Favorite food. cheeseburgers. (Palomino).
One day in our conversational Russian class our professor asked us girls if we would prefer our boyfriends to bring us flowers or cheeseburgers (or maybe it was hamburgers; I can't remember). All the other girls immediately said they would prefer bouquets of flowers (preferably roses), while I, the lone holdout, said that of course I would rather have a cheeseburger. All the girls looked at me as if I had completely betrayed our sex. All the guys were like, now THAT'S what I'm talking about. I shrugged. I love cheeseburgers, I said. (In Russian). Anyone who loved me would know to bring me one when I was hungry. You can't eat flowers.
I must confess, cheeseburgers are one of my favorite foods, whether I make my own, head to McDonalds (which I regret five minutes after eating my Quarter Pounder with Cheese), or go to my favorite pub, where they pile beer-braised onions on the burgers. Soft white bun, toasted or untoasted, sprinkled with sesame seeds (or not), layered with melting cheddar (or American) cheese, sharp slices of onion (or not), with (or without) crisp lettuce and oozing with tomatoes (which fall out with every bite), slathered with ketchup, or some mysterious mayonnaise-based sauce. Sometimes I order them with bacon, other times not. Life would be so sad without cheeseburgers.
On weekends I like to go to Palomino for lunch, either alone or with family and friends. It is a chain restaurant, with outposts in several cities, and the menu is solidly Euro-American fare; salads and sandwiches and pizzas and pastas and hearty meat or seafood dishes. They're consistent, and the food is always good. It used to be crowded all the time; the opening of a bigger, fancier mall a few short blocks away drew a lot of business elsewhere and now the atmosphere is quieter, more relaxed. During the week it is full of business people having business lunches or drinks or dinner; on weekends there are shoppers laden with bags. There's no wait today, and almost no other customers. Everyone's out of town, says the waiter, as he seats me at a table overlooking the three-stories-high atrium. Usually I have soup, and pasta. It's Sunday, and only the bar menu is available, so I order a cheeseburger with a salad, and iced tea, and settle back in my chair with a book.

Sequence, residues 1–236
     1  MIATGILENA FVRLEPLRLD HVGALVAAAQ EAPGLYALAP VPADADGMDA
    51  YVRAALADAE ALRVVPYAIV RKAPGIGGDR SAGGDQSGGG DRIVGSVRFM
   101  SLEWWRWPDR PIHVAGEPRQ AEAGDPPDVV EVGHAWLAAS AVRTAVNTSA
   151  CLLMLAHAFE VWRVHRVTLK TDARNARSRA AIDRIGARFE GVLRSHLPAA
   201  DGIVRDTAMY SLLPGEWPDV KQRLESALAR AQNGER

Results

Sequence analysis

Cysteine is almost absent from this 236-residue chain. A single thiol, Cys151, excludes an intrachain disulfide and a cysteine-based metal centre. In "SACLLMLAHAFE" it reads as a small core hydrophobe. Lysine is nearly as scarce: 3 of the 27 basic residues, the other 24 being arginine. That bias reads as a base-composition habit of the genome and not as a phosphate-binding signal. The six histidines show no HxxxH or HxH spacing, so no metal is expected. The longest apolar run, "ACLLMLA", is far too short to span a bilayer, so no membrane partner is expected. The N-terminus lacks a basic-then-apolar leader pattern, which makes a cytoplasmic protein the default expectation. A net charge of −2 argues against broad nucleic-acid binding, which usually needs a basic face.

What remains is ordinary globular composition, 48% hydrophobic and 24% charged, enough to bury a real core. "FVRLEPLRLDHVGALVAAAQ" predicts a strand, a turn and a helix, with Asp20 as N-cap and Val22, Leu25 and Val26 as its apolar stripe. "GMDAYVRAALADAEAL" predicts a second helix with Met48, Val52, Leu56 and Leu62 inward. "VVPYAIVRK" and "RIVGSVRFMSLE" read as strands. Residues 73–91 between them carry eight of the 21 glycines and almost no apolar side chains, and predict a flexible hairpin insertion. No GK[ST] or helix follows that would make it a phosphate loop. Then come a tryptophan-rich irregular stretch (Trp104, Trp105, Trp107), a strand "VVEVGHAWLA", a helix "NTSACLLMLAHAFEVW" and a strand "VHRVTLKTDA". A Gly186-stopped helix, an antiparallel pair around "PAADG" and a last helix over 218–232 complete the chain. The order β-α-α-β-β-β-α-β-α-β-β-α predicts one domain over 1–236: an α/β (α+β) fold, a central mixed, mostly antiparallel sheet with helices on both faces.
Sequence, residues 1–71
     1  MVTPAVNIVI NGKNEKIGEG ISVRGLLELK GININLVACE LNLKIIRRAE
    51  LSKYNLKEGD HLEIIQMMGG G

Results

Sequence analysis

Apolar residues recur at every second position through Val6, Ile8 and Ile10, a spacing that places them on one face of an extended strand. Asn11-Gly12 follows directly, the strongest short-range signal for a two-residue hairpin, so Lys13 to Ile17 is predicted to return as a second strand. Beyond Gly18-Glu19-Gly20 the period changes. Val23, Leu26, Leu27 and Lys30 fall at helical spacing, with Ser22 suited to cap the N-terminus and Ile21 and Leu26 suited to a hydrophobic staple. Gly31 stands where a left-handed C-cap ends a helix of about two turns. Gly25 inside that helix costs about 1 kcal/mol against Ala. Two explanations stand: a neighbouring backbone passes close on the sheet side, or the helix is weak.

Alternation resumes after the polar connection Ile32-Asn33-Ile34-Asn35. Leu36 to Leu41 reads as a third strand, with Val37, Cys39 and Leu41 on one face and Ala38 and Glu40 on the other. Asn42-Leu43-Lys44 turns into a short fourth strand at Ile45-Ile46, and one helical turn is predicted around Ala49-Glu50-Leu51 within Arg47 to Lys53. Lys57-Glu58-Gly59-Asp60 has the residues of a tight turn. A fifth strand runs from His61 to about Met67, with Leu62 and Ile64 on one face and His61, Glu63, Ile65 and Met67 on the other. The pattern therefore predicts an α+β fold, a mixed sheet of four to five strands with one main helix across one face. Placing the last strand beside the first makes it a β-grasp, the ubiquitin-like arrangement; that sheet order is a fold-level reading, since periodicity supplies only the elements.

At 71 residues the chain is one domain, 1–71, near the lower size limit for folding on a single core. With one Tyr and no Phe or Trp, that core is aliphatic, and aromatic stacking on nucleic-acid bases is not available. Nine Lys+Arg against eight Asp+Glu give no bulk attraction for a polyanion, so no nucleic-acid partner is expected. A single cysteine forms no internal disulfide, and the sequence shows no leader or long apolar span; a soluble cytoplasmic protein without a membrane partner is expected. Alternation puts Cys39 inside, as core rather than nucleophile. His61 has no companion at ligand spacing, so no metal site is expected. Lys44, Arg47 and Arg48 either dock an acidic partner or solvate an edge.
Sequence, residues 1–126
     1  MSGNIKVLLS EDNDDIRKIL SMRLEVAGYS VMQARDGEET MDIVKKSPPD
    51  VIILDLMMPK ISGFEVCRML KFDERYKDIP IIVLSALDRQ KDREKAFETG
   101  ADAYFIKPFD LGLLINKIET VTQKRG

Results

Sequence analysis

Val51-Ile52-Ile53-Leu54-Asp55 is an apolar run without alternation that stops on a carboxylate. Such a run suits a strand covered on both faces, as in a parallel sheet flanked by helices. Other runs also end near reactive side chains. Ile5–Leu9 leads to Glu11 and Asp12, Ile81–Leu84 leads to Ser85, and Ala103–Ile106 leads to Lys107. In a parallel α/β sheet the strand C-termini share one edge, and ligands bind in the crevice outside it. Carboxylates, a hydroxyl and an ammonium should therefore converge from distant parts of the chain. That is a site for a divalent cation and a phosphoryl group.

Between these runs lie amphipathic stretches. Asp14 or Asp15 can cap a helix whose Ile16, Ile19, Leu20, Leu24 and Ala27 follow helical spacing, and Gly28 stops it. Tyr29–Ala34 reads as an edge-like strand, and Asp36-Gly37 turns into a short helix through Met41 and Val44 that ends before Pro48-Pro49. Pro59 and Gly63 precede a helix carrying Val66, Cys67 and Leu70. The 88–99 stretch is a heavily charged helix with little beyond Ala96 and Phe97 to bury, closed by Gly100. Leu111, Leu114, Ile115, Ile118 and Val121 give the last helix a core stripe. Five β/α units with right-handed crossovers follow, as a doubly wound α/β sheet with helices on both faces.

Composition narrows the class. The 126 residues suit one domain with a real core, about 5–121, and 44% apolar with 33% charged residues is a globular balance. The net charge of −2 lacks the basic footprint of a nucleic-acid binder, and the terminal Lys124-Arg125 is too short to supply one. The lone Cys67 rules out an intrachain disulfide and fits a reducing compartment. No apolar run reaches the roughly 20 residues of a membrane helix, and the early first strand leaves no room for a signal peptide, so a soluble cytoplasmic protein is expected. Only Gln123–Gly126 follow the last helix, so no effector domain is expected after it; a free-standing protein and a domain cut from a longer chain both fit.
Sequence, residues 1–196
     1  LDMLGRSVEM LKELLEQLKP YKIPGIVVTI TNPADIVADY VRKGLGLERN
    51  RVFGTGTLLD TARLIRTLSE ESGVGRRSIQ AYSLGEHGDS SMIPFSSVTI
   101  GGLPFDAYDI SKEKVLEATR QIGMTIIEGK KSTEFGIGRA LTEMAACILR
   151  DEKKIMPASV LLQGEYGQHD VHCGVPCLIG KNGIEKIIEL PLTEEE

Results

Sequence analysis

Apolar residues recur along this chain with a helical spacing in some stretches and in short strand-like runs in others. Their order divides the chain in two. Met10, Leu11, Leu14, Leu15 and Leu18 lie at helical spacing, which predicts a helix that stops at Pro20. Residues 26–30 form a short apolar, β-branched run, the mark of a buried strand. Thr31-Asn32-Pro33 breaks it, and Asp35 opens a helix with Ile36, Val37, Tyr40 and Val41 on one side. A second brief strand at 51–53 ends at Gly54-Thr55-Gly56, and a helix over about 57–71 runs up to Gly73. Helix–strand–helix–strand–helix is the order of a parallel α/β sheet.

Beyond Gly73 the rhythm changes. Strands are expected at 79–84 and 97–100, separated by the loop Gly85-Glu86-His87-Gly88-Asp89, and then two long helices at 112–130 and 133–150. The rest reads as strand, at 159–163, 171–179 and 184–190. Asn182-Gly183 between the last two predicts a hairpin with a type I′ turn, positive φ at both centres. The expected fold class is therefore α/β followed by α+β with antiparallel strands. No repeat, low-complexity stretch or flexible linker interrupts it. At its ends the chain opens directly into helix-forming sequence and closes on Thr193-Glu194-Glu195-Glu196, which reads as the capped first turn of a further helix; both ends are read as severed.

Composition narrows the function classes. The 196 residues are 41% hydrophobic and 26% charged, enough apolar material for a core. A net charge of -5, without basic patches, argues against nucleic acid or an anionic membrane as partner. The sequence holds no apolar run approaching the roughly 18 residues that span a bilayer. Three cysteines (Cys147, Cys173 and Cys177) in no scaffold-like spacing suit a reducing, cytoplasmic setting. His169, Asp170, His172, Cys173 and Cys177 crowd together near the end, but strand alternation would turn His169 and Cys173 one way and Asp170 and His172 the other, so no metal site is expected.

Instead of bread and butter they bring rosemary-studded focaccia with a sort of chunky fresh tomato sauce, with bits of olives and some kind of cheese. The salad arrives, crisp romaine lettuce, creamy, garlic-spiked dressing, fried anchovies, crunchy croutons. And then the cheeseburger lands before me, alone on the plate. It is huge. The waitress has thoughtfully provided a steak knife with which to slice this behemoth of a burger into more manageable halves. There are thick slices of pepper bacon, which crunch delightfully with every bite; the lettuce and tomatoes and onion keep falling out, so I ignore them. The sauce is slightly sweet, faintly tangy, soaking into the bun, which is valiantly struggling to hold everything together. It is perfect.
Really all I need is a cheeseburger to make me happy.